> have to do the work once. And the only reason the H323 features would
> stagnate is if the devs working on it and the maintainers of the H323
> portion of the code (you and others) moved onto other things. That
> would give everyone better features on all three protocols currently
> supported... and any others that come along.
> I'm sure if the opal project had remained named openh323 and called v2
> with new apis when they added sip support and later renamed there
> wouldn't be this disparate uncessary separation and code divergence
> and H323 would get nice features like the latest codecs developed by
> craig, robert and co and SIP would get some of the great features you
> and others develop for openh323 with very little effort.
> This community is too small for all the in fighting that I'm seen
> between all the various developers over the years. Way more than a lot
> of the other projects I follow,

I was just reading through this thread over my Saturday morning coffee and
thought I should write a reply. Then I got this this email which very nicely
sumarises almost everything I wanted to say.

I do have one thing to add however. I have known both Simon and Craig (and
the gnugk and ekiga people) for several years now and have had the pleasure
of being involved in some spirited face to face discussions over that time.
I respect you all and consider you all friends.

Simon, with that caveat, I would like to say that I think it is a good thing
for h323plus to exist given the state of the openh323 "project" but I
heartily wish that its goal was more of a "maintenence mode" project than an
actively developed alternative to OPAL. I have heard your reasons for
continuing development on openh323/h323plus instead of OPAL several times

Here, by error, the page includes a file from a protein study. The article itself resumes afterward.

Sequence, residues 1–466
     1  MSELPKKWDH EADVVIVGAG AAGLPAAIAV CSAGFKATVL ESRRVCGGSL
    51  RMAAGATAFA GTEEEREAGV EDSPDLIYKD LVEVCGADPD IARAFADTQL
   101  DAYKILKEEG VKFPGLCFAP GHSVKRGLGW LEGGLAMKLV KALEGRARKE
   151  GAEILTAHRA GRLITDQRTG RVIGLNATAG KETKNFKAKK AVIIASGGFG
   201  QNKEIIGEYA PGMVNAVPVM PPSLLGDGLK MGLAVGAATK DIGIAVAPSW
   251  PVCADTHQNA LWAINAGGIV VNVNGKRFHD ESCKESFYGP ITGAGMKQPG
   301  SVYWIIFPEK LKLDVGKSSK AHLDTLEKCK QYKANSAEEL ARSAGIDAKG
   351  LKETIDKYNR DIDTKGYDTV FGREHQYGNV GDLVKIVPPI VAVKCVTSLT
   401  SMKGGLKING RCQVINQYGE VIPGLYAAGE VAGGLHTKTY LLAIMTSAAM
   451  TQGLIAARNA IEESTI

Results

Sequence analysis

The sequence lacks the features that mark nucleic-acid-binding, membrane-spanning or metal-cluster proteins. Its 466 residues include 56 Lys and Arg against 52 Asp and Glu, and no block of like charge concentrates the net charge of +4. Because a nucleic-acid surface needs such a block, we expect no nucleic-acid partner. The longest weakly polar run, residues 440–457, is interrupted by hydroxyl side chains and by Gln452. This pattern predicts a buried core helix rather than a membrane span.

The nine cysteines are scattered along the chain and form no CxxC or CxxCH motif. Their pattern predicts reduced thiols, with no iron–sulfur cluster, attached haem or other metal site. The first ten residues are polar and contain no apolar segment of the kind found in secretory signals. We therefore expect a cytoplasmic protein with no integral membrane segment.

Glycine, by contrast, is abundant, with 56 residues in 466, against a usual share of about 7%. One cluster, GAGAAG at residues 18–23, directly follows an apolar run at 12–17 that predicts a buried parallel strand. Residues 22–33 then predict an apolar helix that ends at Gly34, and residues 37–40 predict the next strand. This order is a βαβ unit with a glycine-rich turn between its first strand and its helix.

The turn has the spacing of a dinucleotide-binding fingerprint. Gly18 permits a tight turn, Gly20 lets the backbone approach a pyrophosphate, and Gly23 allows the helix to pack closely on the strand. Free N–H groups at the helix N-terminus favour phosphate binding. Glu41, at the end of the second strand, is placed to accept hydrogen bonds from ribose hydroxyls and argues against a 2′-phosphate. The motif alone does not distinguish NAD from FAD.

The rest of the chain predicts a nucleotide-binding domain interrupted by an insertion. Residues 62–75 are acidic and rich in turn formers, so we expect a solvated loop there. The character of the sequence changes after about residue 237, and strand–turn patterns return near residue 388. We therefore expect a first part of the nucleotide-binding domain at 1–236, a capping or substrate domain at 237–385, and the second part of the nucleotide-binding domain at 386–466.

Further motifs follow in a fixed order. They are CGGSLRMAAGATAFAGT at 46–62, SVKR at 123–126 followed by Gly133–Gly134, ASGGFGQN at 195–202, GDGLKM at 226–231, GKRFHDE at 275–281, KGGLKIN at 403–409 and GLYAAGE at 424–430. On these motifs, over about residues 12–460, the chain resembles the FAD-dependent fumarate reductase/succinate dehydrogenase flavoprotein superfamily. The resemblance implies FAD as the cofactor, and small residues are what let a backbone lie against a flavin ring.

before and I have to say that I was never fully convinced, however recent
events have made me ever less sure.

Three months, I made the transition from owner of my own company, to a new
position as RnD Director for a VoIP CPE vendor. This has given me a
different perspective on things, given that I had always been involved in
the "large" side of VoIP deployments where you have gigabytes of disk space
and ram and a very different development environment, time to market
requirements and market realities.

The fact is, despite incompatibilities, functionality gaps and all wisdom to
the contrary, SIP is the current market standard for VoIP CPEs.

If I told my CEO that I wanted to build a H.323 only CPE he would tell me to
reconsider, or reconsider my position at the company. On the other hand, if
I can build a SIP device, then deliver H.323 functionality practically
for "free" by using OPAL then I can build either an "advanced" model with
both SIP and H.323 support (It would cost more due to the required flash and
ram increase), or an alternate H.323 firmware for the "standard" device.
This, as H.323 proponent, is good for you, and this is a major reason for me
to pick OPAL as the stack to develop on, otherwise I would just as likely
pick one of the many other very good open source SIP stacks available, and I
would never even consider doing the work to develop completely independent
H.323 support using h323plus.

Please spend a moment to consider "new" users like my company, and not only
the temporary difficulties that some old users (like gnugk for example)
would face porting from openh323 to opal. The VoIP industry is far from
done, and as you know, there are new protocols coming out like AMS and
others which I hope one day will also be available as part of OPAL also.

I think the decision to do new development in h323plus is a little short
sighted, because it makes using your wonderfull new features (and I really
mean that) difficult for new VoIP developers due to the hurdle of learning
and using another library for H.323 in addition to whatever library they
already use for SIP (Or IAX or AMS or whatever), and the even bigger hurdle
of deciding to add H.323 support in the first place!

Consider also, what you will do when AMS is released.. You will at some
outgrow the existing openh323 design and API and be forced to refactor
things at which point you will likely end up with something a lot like
OPAL :-)

Please, consider doing your future h323 development on OPAL! I really
that you will end up with a lot more people using your code (and H.323) in
the long term.


Peter Nixon